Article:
About Jazz Pharmaceuticals plc
Jazz Pharmaceuticals plc (NASDAQ: JAZZ) is a global biopharmaceutical company whose purpose is to innovate to transform the lives of patients and their families. We are dedicated to developing life-changing medicines for people with serious diseases—often with limited or no therapeutic options. We have a diverse portfolio of marketed medicines and novel product candidates, from early- to late-stage development, in neuroscience and oncology. Within these therapeutic areas, we are identifying new options for patients by actively exploring small molecules and biologics, and through innovative delivery technologies and cannabinoid science. Jazz is headquartered in Dublin, Ireland and has employees around the globe, serving patients in nearly 75 countries. Please visit www.jazzpharmaceuticals.com for more information.

References

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1 National Organization for Rare Diseases. Rare Disease Database: Lennox-Gastaut syndrome. Available at: https://rarediseases.org/rare-diseases/lennox-gastaut-syndrome/#:~:text=Lennox%2DGastaut%20syndrome%20is%20estimated,be%202%20per%20100%2C000%20children. Accessed October 27, 2022.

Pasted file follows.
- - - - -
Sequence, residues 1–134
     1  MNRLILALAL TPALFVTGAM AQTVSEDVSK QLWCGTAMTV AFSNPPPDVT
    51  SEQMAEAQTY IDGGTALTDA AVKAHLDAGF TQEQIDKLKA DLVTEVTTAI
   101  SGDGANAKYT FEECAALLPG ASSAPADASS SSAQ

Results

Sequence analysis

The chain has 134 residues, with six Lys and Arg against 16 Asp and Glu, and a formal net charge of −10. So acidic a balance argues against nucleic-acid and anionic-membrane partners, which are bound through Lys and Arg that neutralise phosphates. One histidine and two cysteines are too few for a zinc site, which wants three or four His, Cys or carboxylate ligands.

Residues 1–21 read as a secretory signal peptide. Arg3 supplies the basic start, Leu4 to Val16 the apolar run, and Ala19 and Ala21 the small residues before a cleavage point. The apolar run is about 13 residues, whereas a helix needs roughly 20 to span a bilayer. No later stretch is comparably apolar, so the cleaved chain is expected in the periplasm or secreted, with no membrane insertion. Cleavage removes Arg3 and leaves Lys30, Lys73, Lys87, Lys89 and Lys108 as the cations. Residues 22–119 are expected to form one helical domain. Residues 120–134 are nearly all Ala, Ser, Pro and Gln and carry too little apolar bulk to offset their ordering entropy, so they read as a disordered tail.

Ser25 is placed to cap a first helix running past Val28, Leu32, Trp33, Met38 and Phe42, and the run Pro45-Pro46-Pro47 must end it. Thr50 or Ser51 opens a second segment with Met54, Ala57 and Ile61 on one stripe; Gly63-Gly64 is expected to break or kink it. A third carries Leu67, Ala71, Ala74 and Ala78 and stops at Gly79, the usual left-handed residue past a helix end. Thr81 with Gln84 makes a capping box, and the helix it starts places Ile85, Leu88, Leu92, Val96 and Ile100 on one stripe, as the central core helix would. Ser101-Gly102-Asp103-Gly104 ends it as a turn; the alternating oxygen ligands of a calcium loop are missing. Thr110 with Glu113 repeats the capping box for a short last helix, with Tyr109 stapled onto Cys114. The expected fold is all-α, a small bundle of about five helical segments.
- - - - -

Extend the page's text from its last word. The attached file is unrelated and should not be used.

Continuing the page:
2 LGS Foundation. How Many People Have LGS? 2022. Accessed November 3, 2022. Available at: https://www.lgsfoundation.org/about-lgs-2/how-many-people-have-lgs/

3 Gastaut H, Roger J, Soulayrol R, et al. Childhood epileptic encephalopathy with diffuse slow spike-waves (otherwise known as “Petit Mal Variant”) or Lennox syndrome. Epilepsia. 1966;7:139-79.

4 Arzimanoglou A, French J, Blume WT, et al. Lennox-Gastaut syndrome: a consensus approach on diagnosis, assessment, management, and trial methodology. The Lancet Neurology. 2009;8(1):82-93.

5 Reaven NL, Funk SE, Montouris GD, Saurer TB, Story TJ. Burden of illness in patients with possible Lennox-Gastaut syndrome: A retrospective claims-based study. Epilepsy Behav. 2018;88:66-73.

6 Piña-Garza JE, et al. The refractory epilepsy screening tool for Lennox-Gastaut syndrome (REST-LGS). Epilepsy Behav. 2019;90:148-153.

7 Wolf, S. et al. REST LGS TOOL: Real World Use to Screen for LGS and Improve Access to Care. American Epilepsy Society 2022 Annual Meeting. Nashville, TN, United States. https://cms.aesnet.org/abstractslisting/rest-lgs-tool---real-world-use-to-screen-for-lgs-and-improve-access-to-care. Accessed November 27, 2022.

8 Arzimanoglou A, et al. All children who experience epileptic falls do not necessarily have Lennox–Gastaut syndrome… but many do. Epileptic Disord. 2011;13:S3-13.

9 Camfield P, et al. Long-term prognosis for symptomatic (secondarily) generalized epilepsies: a population-based study. Epilepsia. 2007;48:1128-1132.